Bad Math: Three Landlords Arrested for 500 Violations in Two Brooklyn Buildings

241 247 linden Bad Math: Three Landlords Arrested for 500 Violations in Two Brooklyn Buildings

Beautiful on the outside... (PropertyShark)

There are slumlords and then there are slumlords.

Three Brooklyn landlords were arrested yesterday for failing to address a combined 500 open housing code violations on two properties, according to the Department of Housing Preservation and Development.

Lewis Alleyne, Dwight King and Gerald King were arrested after failing to appear in court and failing to comply with court orders directing them to make necessary changes to fix the housing violations. Both buildings—241 Linden Boulevard and 247 Linden Boulevard—are residential and almost fully occupied. Yes, 500 violations for two buildings.

“The buildings were in extremely bad condition,” said Eric Bederman, press secretary for HPD, in an email. “They are in our Alternative Enforcement Program—a lot of people refer to it as the city’s 200 worst buildings program.”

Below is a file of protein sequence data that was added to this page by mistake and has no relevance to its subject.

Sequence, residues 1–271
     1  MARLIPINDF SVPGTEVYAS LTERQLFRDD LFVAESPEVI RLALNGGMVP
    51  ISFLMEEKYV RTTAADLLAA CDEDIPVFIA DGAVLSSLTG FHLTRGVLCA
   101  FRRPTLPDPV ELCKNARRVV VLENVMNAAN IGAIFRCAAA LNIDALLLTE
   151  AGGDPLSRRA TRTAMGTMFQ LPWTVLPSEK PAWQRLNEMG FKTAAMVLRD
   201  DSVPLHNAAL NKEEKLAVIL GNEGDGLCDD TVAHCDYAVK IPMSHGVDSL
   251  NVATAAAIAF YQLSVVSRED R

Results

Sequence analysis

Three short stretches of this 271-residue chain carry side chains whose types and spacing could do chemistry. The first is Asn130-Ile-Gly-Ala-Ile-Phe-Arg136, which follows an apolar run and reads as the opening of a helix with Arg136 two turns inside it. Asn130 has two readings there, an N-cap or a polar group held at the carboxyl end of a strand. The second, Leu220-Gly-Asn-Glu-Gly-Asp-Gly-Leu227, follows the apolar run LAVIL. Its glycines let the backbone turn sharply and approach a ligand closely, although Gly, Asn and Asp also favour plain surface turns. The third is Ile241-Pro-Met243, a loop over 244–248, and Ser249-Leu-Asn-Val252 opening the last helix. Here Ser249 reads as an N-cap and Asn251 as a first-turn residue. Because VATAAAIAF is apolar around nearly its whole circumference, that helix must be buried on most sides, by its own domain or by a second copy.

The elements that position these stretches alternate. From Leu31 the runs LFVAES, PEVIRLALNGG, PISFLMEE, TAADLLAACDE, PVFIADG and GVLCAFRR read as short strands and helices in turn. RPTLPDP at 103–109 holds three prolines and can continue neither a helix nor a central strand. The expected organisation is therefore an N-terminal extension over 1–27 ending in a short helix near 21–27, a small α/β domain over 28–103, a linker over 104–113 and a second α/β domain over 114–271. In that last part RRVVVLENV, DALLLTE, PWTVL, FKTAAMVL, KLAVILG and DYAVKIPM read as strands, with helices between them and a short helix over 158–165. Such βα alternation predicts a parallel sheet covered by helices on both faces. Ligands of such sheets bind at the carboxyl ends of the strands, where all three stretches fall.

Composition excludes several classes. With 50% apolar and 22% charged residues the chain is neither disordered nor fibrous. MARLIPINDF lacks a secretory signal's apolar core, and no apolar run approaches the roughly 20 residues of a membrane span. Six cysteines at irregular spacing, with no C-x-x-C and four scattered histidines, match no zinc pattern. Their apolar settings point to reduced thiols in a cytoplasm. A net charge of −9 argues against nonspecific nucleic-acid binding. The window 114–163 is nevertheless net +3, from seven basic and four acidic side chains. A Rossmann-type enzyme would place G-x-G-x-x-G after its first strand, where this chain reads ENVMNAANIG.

The violations, per the HPD website, are staggering (emphasis ours):

Some of the hazardous (B-class violations) and immediately hazardous (C-class violations) violations that are open and associated with 241 Linden include: Lead paint, roaches, defective wood flooring, loose electrical outlets, broken locks on the entrance door, mold, no heat, defective faucets, obstructed fire escapes, cascading water leaks, missing smoke and carbon monoxide detectors, scalding hot water, peeling and chipping paint/plaster, etc.

Some of the hazardous (B-class violations) and immediately hazardous (C-class violations) violations that are open and associated with 247 Linden include: no heat, exposed electrical wiring, roaches, water leaks, accumulated refuse, smoke detectors, blistered roof coverings, sloping wood floors, broken/defective fire damaged floor joists in the cellar, rodents, no electricity in some units, etc.

“HPD couldn’t get into the building to do the work because the owners denied our staff and our contractors access to the property,” Mr. Bederman said.

The court had previously instructed the defendants to correct the violations by July 9 of last year, but when the landlords failed to comply with the court’s orders, they were arrested and now have to fix the violations before Sept. 16 to erase their civil contempt case.

pengel@observer.com